“When the U.S. Dollar finally loses its world reserve status, Americans are going to wish that they held onto their gold instead of sending it overseas…”
The U.S. exported a stunning amount of gold since the turn of the century. As the price of gold surged along with the massive increase in U.S. debt, gold exports jumped to record highs. In 2012 alone, the United States exported nearly 700 metric tons of gold. The total amount of U.S. net gold exports over the past 17 years equaled the combined gold reserves of six high ranking countries.
While the U.S. exported nearly 8,000 metric tons (mt) of gold since 2001, it also imported a great deal as well. Thus, we arrive at a “net export” figure by subtracting gold imports from gold exports. During the past 17 years, there were only four years where the U.S. imported more gold than it exported. These net gold import years were in 2004-2005 and 2010-2011 and totaled only 322 mt.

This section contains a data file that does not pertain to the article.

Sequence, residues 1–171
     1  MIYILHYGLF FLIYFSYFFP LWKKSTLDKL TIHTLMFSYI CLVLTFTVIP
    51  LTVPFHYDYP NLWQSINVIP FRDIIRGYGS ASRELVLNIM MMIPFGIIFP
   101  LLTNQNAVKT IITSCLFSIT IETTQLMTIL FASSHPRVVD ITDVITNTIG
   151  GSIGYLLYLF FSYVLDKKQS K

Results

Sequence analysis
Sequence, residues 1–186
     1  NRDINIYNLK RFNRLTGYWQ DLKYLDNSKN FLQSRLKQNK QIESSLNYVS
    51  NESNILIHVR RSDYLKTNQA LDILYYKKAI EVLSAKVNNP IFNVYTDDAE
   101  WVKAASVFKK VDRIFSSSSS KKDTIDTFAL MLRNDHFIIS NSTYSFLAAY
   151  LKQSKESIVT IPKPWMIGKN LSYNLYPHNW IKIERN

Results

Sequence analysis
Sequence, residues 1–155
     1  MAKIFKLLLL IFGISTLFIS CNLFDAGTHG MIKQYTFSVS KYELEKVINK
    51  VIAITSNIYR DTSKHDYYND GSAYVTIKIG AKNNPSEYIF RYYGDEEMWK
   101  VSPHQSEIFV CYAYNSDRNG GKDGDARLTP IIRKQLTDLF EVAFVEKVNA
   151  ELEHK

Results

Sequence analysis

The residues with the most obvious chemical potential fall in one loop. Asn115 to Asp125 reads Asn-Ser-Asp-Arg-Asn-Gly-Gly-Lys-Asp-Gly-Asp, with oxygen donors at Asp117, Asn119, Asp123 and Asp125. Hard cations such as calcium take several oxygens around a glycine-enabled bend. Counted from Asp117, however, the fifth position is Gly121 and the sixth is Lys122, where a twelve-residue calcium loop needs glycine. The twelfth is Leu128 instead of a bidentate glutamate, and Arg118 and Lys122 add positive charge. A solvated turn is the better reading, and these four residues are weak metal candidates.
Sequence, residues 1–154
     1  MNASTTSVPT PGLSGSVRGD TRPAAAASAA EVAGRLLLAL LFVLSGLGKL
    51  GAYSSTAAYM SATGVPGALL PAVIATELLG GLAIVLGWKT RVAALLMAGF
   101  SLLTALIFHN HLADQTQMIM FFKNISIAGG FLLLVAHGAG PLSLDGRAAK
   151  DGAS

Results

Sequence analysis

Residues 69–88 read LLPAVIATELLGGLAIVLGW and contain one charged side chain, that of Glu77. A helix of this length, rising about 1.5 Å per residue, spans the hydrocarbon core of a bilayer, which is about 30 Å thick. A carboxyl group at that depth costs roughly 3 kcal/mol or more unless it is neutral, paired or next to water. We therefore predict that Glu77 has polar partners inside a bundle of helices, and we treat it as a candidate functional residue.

However, U.S. gold net exports were the mainstay as a staggering 2,340 mt of gold were shipped abroad. If we look at the chart below, U.S. gold net exports picked up during the 2007-2008 U.S. Housing and Investment Banking collapse:
From 2012 to 2017, U.S. net gold exports totaled 1,354 mt or 43.5 million. That’s one heck of a lot of gold. Of course, the United States produces a lot of gold, 210-225 mt annually, however, domestic demand consumes a large percentage of that amount.
Now if we compare U.S. net gold exports versus the official reserves at top-ranking countries, the number turns out to be quite large. The combined official gold holdings of the U.K., Saudi Arabia, Portugal, Taiwan, European Central Bank and India of 2,512 mt is about the same amount of U.S. net gold exports (2,430 mt) from 2001 to 2017. Moreover, Italy (2,452 mt) and France (2,436 mt) which rank 4th and 5th respectively in official world gold reserves, are approximately the same amount of U.S. net gold exports during the same period (official gold reserves: source, World Gold Council).
The majority of U.S. gold exports were shipped to Switzerland, the U.K., and Hong Kong. These three countries received more than 80% of U.S. gold exports during the 17-year period.
When the U.S. Dollar finally loses its world reserve status, Americans are going to wish that they held onto their gold instead of sending it overseas, ending up mostly in China and India.
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